Writer-director Graham Jones (“The History Student,” “The Randomers,” “How to Cheat in the Learning Certificate”) can be astutely described as a lyrical Irish filmmaker with moving narratives that seem so personal and profound in dramatic simplicity. In Jones’s latest indie drama Nola and the Clones he helms yet another soulful exposition grounded in the given realities of his disoriented youthful leads. Thoroughly engaging and contemplative, Nola and the Clones is powerful, perceptive and reflective in its frank character study of a lost and hardened young Dublin-based prostitute trying to make sense out of her aimless existence and random encounters with her peculiar male “clientele” that eerily match a similar profile. Indeed, Nola and the Clones is one of Jones’s most daring, provocative and ambitious observational fables that starkly combines a strong sense of urban disenchantment with a raw taste for the whimsy.
There are always majestic traces of insight, curiosity and exploration in Jones’s intriguing yet gentle brand of observational storytelling. More important is the critical casting of adventurous performers to carry out the challenging display of uncertainty that meshes with the film’s defining theme of quiet despair. Additionally, one of the more welcoming consistencies in Jones’s directorial endeavors is his spirited usage of a bouncy soundtrack and scenic (or sometimes gritty) locales that effectively fuels his stories with decorative urgency. Jones’s films will never be mistaken for its flashiness or eye-popping production values. Instead, understated but expressive fare such as Nola and the Clones will basically resonate with a needed low-key emotional punch. Thought-provoking, original and hauntingly heartfelt, this intimate film puts to shame the usual Hollywood spin on the manufactured conception of female disenchantment and empowerment.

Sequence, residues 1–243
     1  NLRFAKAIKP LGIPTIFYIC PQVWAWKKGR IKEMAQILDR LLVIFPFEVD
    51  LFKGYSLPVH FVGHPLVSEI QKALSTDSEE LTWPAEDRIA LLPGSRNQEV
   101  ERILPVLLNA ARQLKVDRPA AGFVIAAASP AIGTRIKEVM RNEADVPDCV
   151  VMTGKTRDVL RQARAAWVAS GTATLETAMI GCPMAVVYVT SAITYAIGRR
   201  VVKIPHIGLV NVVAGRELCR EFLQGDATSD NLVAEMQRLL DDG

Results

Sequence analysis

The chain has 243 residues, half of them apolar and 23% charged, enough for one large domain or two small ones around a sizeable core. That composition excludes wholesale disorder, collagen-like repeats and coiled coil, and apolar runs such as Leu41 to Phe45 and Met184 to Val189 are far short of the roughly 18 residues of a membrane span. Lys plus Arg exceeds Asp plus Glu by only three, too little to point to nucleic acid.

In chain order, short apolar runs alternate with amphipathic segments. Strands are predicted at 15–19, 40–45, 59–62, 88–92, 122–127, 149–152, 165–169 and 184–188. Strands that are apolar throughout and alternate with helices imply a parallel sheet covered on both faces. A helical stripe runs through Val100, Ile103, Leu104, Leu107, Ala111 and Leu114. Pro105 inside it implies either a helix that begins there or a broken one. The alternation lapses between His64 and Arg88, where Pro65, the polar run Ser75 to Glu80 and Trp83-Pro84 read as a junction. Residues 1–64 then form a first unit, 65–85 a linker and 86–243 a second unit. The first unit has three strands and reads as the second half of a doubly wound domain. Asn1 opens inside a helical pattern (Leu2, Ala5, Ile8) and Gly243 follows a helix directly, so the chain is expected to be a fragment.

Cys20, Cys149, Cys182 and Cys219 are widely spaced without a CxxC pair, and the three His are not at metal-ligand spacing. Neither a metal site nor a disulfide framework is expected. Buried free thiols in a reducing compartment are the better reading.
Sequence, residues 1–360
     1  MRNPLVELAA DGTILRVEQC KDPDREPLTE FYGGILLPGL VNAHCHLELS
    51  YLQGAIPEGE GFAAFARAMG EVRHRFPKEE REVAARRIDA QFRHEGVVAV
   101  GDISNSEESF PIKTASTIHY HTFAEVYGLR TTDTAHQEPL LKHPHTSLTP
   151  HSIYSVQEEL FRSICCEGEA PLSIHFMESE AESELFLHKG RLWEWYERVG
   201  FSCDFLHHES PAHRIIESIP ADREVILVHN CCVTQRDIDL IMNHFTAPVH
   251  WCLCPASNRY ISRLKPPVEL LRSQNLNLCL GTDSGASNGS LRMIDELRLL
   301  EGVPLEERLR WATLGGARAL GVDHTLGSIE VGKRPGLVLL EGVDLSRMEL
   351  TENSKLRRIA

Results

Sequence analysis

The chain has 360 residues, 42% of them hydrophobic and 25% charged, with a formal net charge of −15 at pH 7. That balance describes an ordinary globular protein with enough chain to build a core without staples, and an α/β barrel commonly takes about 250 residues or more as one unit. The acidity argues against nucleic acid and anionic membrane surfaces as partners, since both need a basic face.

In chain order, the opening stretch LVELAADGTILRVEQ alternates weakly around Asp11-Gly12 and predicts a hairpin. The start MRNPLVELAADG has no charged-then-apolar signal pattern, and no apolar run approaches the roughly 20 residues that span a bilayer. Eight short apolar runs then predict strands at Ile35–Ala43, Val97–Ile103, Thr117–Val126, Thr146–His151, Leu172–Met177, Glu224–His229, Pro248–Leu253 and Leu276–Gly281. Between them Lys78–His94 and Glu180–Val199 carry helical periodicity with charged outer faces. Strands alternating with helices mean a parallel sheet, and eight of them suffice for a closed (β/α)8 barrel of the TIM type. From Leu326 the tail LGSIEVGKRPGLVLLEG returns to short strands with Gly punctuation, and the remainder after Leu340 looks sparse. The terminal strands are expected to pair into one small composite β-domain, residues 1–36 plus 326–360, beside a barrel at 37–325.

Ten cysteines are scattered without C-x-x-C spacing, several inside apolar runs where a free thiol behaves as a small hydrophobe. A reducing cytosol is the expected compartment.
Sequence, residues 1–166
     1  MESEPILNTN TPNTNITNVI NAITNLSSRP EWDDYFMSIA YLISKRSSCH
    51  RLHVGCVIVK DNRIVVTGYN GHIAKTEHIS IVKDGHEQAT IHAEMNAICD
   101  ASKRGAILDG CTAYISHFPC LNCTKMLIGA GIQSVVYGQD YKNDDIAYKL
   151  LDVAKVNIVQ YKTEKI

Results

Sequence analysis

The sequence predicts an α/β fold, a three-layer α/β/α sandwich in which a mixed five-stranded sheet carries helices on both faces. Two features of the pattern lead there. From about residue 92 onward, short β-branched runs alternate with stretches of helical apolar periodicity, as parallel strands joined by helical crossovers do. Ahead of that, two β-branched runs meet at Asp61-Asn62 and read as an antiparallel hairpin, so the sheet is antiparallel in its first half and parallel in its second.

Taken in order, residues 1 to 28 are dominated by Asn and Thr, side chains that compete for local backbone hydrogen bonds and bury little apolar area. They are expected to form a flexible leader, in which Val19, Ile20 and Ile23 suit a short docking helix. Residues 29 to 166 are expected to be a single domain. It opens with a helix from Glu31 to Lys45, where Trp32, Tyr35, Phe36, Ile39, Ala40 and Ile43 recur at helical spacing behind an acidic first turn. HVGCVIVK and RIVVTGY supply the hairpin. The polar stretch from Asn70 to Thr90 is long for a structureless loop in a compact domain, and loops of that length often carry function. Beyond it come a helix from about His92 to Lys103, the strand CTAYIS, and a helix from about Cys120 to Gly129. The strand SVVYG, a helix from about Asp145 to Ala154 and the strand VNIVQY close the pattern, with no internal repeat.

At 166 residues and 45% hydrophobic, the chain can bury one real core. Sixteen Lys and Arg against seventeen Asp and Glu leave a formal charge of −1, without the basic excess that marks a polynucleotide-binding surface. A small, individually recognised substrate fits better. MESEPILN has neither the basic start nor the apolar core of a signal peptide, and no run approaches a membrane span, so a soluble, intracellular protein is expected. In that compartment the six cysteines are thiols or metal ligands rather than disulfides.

Nola (Caoimhe Cassidy, “The Devil’s Woods”) is a runaway-turned-homeless hooker with a heart of stone because she has become cold and wary of men despite offering her spiritless body to them for her sexual services. Nola is deeply damaged and a lot of her embedded pain and paralysis of feeling is due to the unresolved past regarding her negligent mother who apparently became the reckless vehicle for the loads of duplicitous men exploiting her continuously. The heavy-handed psychological scar that Nola internalized from her victimized mother was for her to assume being a sexual “plaything” for the worthless guys to enjoy. In fact, Nola reasoned that the only philosophical insight that her mother advised was for the importance of “always looking good” to the discriminating male eye. Naturally, one can see why Nola has major self-esteem issues and a deep-seeded distrust for men regardless of their good or bad intentions. Plus, it did not help matters any that Nola’s maddening mentality towards the male species may have been harshly developed by her drunken Daddy Dearest, not to mention an abusive former boyfriend with the ready-made label of “slut” pinned to her already disillusioned demeanor. In essence, Nola’s early male influences have not been exactly what one would call stellar or supportive.